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Evaluating complex programmes: Reflections on realism and resilience

Last updated:
15 September 2017

The Building Resilience and Adaptation to Climate Extremes and Disasters (BRACED) programme is a 3-year, £110 million programme funded by the UK’s DFID.

What works and why in implementing and achieving outcomes in adaptation and resilience-building projects? This paper considers the challenges faced and lessons learned in the mid-term review of BRACED projects to provide insights into using realist principles to evaluate complex, resilience-building programmes in an international development context.


  • There is value in applying a ‘realist’ way of thinking throughout the programme cycle – not just at evaluation stage. This may be especially relevant for large, complex multisectoral programmes that all contribute to common higher-level outcomes and impact.  
  • Even if outcomes are yet to be realised, achievement of outputs can be viewed with a realist lens as important pathways towards change, allowing us to capture where implementers have put in place or effectively carried out important processes.
  • As part of a broader theory of change approach, applying a realist lens forces you to ask important questions of how and why projects arrived at their outcomes, and formalises this.  
  • Realist approaches allow us to deal with multiple understandings of the term resilience. The process of moving away from rhetoric and asking basic but important questions helps us to improve our understanding of what resilience is in different contexts, and how resilience is built. Moving from rhetoric to realities means the BRACED final evaluation may not measure ‘impact’ or ‘resilience’ as defined in project documentation or baseline. Our growing understanding of what matters for building resilience means that some important elements may not be captured in project logframes. We need   to be flexible and iterative in our approach.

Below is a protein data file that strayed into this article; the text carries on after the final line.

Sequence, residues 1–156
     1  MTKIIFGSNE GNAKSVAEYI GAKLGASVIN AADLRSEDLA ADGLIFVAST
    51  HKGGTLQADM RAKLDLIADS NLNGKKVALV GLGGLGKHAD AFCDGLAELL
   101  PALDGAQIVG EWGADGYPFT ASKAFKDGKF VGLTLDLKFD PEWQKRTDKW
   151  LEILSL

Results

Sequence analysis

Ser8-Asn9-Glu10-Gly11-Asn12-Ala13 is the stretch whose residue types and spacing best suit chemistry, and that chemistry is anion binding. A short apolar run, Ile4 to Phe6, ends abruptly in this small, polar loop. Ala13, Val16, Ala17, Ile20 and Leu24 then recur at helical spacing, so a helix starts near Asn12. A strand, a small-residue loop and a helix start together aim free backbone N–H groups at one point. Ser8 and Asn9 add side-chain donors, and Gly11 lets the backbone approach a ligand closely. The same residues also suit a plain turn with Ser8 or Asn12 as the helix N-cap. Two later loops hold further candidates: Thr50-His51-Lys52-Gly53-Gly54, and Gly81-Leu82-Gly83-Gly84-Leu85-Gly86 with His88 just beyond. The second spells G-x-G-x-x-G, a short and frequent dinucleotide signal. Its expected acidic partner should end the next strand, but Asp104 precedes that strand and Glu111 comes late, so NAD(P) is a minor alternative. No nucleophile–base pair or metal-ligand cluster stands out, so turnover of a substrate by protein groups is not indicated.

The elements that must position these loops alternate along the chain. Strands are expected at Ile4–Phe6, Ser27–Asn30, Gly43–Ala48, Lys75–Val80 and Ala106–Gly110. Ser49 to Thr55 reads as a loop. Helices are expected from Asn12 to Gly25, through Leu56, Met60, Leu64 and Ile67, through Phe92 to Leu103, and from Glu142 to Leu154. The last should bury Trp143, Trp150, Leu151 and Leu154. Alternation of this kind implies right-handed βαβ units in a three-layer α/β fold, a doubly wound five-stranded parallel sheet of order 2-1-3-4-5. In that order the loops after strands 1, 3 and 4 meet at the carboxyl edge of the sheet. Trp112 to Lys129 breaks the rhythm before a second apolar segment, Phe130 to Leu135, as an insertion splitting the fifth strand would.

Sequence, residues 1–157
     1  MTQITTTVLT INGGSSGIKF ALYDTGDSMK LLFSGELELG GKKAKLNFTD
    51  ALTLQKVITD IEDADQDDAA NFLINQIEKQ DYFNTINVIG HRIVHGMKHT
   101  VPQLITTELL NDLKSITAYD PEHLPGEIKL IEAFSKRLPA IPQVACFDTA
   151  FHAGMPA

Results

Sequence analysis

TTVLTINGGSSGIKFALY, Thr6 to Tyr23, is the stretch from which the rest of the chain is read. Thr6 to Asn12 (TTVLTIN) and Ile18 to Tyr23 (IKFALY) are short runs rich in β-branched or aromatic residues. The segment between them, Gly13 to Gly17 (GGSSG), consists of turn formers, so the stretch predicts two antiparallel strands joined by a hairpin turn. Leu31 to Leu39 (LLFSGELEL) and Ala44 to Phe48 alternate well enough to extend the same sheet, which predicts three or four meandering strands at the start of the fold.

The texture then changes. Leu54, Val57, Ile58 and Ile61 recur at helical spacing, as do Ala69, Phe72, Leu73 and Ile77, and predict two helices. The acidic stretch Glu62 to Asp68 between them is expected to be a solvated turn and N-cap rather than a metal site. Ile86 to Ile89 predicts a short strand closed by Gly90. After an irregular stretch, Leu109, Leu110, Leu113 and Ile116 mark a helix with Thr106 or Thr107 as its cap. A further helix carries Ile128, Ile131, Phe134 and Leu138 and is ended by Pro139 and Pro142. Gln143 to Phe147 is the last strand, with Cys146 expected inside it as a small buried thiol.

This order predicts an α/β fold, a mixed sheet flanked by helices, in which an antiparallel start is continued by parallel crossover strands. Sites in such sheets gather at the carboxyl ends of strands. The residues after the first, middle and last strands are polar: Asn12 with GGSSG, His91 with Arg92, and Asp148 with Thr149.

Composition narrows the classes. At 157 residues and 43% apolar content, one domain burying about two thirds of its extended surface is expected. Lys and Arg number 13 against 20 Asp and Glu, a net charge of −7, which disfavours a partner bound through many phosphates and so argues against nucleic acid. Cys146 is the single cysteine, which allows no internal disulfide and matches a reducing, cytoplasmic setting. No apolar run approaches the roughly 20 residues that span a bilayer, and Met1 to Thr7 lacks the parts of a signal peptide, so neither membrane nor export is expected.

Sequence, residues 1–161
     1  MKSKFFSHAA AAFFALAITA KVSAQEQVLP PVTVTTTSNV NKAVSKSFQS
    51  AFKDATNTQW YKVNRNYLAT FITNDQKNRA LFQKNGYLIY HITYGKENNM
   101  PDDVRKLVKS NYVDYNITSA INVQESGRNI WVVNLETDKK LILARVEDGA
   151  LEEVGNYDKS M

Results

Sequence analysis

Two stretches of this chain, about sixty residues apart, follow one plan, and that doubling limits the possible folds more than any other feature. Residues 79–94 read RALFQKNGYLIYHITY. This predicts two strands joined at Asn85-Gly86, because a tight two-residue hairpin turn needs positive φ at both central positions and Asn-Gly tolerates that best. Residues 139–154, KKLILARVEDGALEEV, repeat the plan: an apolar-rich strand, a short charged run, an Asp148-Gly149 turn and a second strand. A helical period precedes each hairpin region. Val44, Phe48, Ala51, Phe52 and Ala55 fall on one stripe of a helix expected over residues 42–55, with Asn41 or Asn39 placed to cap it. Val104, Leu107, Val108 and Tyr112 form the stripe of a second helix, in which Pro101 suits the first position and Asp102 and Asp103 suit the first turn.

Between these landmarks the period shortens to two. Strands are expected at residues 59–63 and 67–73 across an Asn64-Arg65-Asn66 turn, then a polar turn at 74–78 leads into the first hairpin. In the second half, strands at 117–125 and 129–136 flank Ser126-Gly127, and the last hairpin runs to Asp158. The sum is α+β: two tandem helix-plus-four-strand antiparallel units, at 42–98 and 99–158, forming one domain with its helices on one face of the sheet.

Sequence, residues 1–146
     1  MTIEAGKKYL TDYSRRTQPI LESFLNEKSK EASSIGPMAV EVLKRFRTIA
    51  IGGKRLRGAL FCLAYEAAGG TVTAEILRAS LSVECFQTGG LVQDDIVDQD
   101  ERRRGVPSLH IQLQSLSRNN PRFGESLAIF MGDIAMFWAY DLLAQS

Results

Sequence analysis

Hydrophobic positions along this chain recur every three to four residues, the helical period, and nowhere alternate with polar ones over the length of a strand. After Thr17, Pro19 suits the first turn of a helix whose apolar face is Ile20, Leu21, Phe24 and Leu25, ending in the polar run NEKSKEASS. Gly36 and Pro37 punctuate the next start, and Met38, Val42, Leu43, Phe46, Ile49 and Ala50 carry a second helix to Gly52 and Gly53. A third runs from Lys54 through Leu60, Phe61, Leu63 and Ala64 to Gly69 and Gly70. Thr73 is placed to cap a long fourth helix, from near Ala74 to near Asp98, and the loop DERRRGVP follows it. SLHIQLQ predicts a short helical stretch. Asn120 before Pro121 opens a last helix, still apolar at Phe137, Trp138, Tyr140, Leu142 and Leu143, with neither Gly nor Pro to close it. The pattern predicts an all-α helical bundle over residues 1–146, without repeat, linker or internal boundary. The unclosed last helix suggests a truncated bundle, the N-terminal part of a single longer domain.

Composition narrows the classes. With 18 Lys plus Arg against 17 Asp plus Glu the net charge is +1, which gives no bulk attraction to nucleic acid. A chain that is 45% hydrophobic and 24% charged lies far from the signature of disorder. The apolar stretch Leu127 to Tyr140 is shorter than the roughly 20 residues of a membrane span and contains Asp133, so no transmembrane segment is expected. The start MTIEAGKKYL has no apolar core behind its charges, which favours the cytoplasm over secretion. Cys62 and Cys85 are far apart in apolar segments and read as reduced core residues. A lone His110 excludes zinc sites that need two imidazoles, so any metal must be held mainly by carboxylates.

• Realist framing of pathways to change focuses on context-mechanism-outcome (CMO) configuration, which assumes a linear process of activity to outcome and outcome to result. By allowing our CMOs to contain multiple, detailed steps, complementing this with an analysis of barriers and enablers of change, and unexpected and unintended effects, outcomes or consequence, we found we were able to retain much of the richness and dynamics that help us to tell the story. This strengthened our ability to analyse processes and outcomes that do not fit easily into a CMO ‘box’.

This document covers humanitarian aid activities implemented with the financial assistance of UK Aid. The views expressed herein should not be taken, in any way, to reflect the official opinion of UK Aid, and UK Aid is not responsible for any use that may be made of the information it contains.

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